“To lead the country in Goldwater Scholars is a tremendous achievement, a reflection of our nationally competitive undergraduates, and of course a credit to these five outstanding future STEM research leaders,” said Provost and Senior Vice Chancellor David Manderscheid. “These results also underscore our robust undergraduate research infrastructure and the high quality of faculty mentoring our undergraduates receive.”
Samantha Maness describes the award as an incredible feeling of recognition for her hard work in class and in research.
It really drives home to me the fact that the work I’m involved in matters outside of my immediate academic sphere. The experience of applying for this award not only bolstered my future ability to advocate for myself to graduate schools, but it also gave me confidence that I will be a genuinely competitive candidate for these programs.”
Maness’s scholarship-worthy research has been toward developing and studying new functional composite materials for use in additive manufacturing.
“I am currently the lead researcher on a project developing an ultra-lightweight printable foam for aerospace applications,” she said. “My work spans all the way from the initial synthesis of a material feedstock to the printing of specimens to mechanical testing. I love this sort of research because of how diverse projects are from one another, and because it allows me to get my hands dirty in the lab almost every day.”
While Maness works in materials, her faculty mentor is Brett Compton, an assistant professor in the Department of Mechanical, Aerospace, and Biomedical Engineering. She has worked in his advanced manufacturing research group since her first year at UT.
“His background is split between both materials science and mechanical engineering, so he’s provided a really insightful perspective into the interrelation between these fields,” said Maness. “He has always pushed me to think deeper about the principles at work in our research and to tackle problems independently, and I credit him significantly for my ability to become a Goldwater Scholar.”
After graduation, Maness plans to pursue a PhD in materials science with the ultimate goal of becoming a university professor and continue her work in the development of novel functional composite materials and additive manufacturing science.
Jackson Spurling earned recognition for research on advanced characterization of materials, with a focus on energy applications.
“I leverage tools like electron microscopy to understand how the microstructure and, by extension, the properties, of materials change as a result of testing under conditions like high temperature or high stress,” he explained.
Spurling appreciates encouragement from faculty mentors like Compton and MSE Associate Professor Claudia Rawn, and he also cites welcome support from Lawrence Allard and Kinga Unocic at Oak Ridge National Laboratory and Wenyu Huang at Ames National Laboratory.
All of my MSE professors have encouraged me through my coursework, lab work, and undergraduate research. They have helped me hone my technical skills in the lab as well as become better at communicating my findings by publishing papers and giving presentations at conferences.”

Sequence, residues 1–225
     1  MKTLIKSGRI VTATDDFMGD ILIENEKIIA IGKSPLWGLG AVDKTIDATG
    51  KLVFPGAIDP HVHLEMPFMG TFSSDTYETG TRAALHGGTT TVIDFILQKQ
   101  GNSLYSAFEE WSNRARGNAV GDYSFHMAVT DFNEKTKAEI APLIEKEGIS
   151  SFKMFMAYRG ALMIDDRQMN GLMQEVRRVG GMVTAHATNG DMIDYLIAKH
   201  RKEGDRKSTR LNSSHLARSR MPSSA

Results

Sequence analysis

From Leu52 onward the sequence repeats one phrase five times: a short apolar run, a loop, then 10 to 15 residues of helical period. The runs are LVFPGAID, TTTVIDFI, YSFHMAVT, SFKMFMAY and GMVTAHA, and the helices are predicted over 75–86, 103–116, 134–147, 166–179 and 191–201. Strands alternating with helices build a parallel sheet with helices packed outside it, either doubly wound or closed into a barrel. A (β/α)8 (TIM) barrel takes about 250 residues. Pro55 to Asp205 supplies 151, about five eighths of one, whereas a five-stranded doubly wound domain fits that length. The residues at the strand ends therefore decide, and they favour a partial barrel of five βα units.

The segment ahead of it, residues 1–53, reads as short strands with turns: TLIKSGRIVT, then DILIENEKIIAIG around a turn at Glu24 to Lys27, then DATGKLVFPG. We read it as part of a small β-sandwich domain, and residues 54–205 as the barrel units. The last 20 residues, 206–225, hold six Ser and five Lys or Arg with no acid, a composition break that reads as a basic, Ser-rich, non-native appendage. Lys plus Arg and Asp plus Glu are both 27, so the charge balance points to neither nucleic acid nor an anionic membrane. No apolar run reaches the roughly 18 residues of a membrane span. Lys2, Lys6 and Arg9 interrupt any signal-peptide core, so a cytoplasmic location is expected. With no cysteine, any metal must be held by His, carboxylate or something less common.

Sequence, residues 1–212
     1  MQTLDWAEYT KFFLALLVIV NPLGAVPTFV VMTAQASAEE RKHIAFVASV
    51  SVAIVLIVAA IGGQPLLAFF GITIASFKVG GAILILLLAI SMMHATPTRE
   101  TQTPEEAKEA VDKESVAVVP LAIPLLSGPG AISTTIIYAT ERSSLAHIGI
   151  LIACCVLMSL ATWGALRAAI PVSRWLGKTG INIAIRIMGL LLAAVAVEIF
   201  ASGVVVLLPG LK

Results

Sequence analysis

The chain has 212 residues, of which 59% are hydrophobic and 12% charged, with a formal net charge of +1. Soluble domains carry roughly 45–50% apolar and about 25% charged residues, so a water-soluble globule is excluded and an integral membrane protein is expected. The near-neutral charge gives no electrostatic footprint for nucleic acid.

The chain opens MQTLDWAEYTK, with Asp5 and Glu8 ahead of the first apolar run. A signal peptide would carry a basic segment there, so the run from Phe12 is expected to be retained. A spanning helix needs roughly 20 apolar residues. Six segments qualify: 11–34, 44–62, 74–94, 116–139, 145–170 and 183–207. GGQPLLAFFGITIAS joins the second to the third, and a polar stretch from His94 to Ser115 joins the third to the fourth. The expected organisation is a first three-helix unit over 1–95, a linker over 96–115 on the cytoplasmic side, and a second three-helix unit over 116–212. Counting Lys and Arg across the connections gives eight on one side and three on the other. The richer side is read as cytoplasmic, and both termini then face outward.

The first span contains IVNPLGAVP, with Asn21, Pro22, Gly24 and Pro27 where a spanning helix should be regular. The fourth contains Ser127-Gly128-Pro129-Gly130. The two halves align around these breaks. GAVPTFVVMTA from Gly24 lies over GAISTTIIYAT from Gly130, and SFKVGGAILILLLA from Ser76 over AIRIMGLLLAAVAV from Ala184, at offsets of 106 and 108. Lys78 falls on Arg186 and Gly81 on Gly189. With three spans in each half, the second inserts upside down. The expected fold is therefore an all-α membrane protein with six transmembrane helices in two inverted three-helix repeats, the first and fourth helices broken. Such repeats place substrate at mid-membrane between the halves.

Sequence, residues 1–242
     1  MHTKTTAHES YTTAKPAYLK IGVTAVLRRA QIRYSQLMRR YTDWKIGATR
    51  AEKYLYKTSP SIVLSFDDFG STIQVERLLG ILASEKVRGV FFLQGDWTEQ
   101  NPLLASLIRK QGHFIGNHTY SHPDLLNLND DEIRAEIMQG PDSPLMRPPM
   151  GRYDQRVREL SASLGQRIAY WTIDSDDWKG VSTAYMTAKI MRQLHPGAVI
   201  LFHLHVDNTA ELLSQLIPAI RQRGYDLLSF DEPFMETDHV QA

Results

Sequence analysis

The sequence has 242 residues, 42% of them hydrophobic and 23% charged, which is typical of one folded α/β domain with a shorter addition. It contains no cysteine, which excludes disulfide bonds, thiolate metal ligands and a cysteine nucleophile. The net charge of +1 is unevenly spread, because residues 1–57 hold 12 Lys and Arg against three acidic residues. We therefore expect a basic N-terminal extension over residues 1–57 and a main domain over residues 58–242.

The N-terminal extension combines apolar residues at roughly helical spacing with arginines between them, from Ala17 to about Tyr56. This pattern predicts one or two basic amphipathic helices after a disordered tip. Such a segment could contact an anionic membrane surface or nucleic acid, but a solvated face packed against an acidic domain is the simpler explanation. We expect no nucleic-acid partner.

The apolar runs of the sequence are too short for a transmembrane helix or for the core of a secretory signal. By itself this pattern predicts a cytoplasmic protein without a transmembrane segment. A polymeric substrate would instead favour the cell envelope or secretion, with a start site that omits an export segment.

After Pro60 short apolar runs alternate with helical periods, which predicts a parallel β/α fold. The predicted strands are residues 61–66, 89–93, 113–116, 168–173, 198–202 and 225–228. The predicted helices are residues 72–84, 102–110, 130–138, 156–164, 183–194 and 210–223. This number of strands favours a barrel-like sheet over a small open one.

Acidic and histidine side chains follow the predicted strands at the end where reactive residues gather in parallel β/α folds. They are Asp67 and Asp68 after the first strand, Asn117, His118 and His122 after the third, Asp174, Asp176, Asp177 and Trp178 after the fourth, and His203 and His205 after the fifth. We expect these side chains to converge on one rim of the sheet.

He feels a direct influence from these mentors on making him a better researcher and help him reach goals of earning his PhD and eventually conducting research in advanced materials for energy sustainability at a national laboratory or university.
“I am honored by the recognition of the Goldwater Scholarship, but none of this would have been possible without my mentors,” he said. He is also impressed by how UT performed as a whole in this recognition.
“To have five Goldwater Scholars in one year is certainly an accomplishment,” said Spurling. “Much of that credit goes to Andrew Seidler and the staff at the Office of National Scholarships and Fellowships here at UT.”
Seidler’s team took the time to review and helping students fine-tune their applications.
“It’s that investment of time that they made in all of UT’s nominees that helped the university be so successful on the national stage,” said Spurling.
Logan White’s focus in MSE has been within the field of additive manufacturing.
“Specifically, I study the laser powder-bed fusion technique using high resolution synchrotron tomography and radiography,” he said. “The goal is to develop a better understanding of this process so it may be incorporated into industrial applications.”
White said the Goldwater Scholarship will help him further his research path and allow him to attend conferences that may have otherwise been out of his budget.
To me, receiving this award reflects the amount of effort and resources my department and my mentor have invested in me to be able to have such a successful undergraduate experience.”
MSE Associate Professor Hahn Choo has mentored and worked closely with White during the young researcher’s undergraduate career, providing many opportunities and pushing him to fulfill his potential.
“There is little doubt that his guidance has led me to where I am now,” said White. “I have been able to participate in experiments conducted at Argonne National Laboratory, be intimately involved in multiple publications, and travel across the country to various scientific conferences.”
After graduation, White plans on seeking a PhD in materials science and eventually working in a national lab.
The Goldwater Scholarship program was established by Congress in 1986 to honor US Senator Barry M. Goldwater. Annual scholarships of up to $7,500 are awarded to sophomores and juniors who intend to pursue research careers in the natural sciences, mathematics, and engineering.
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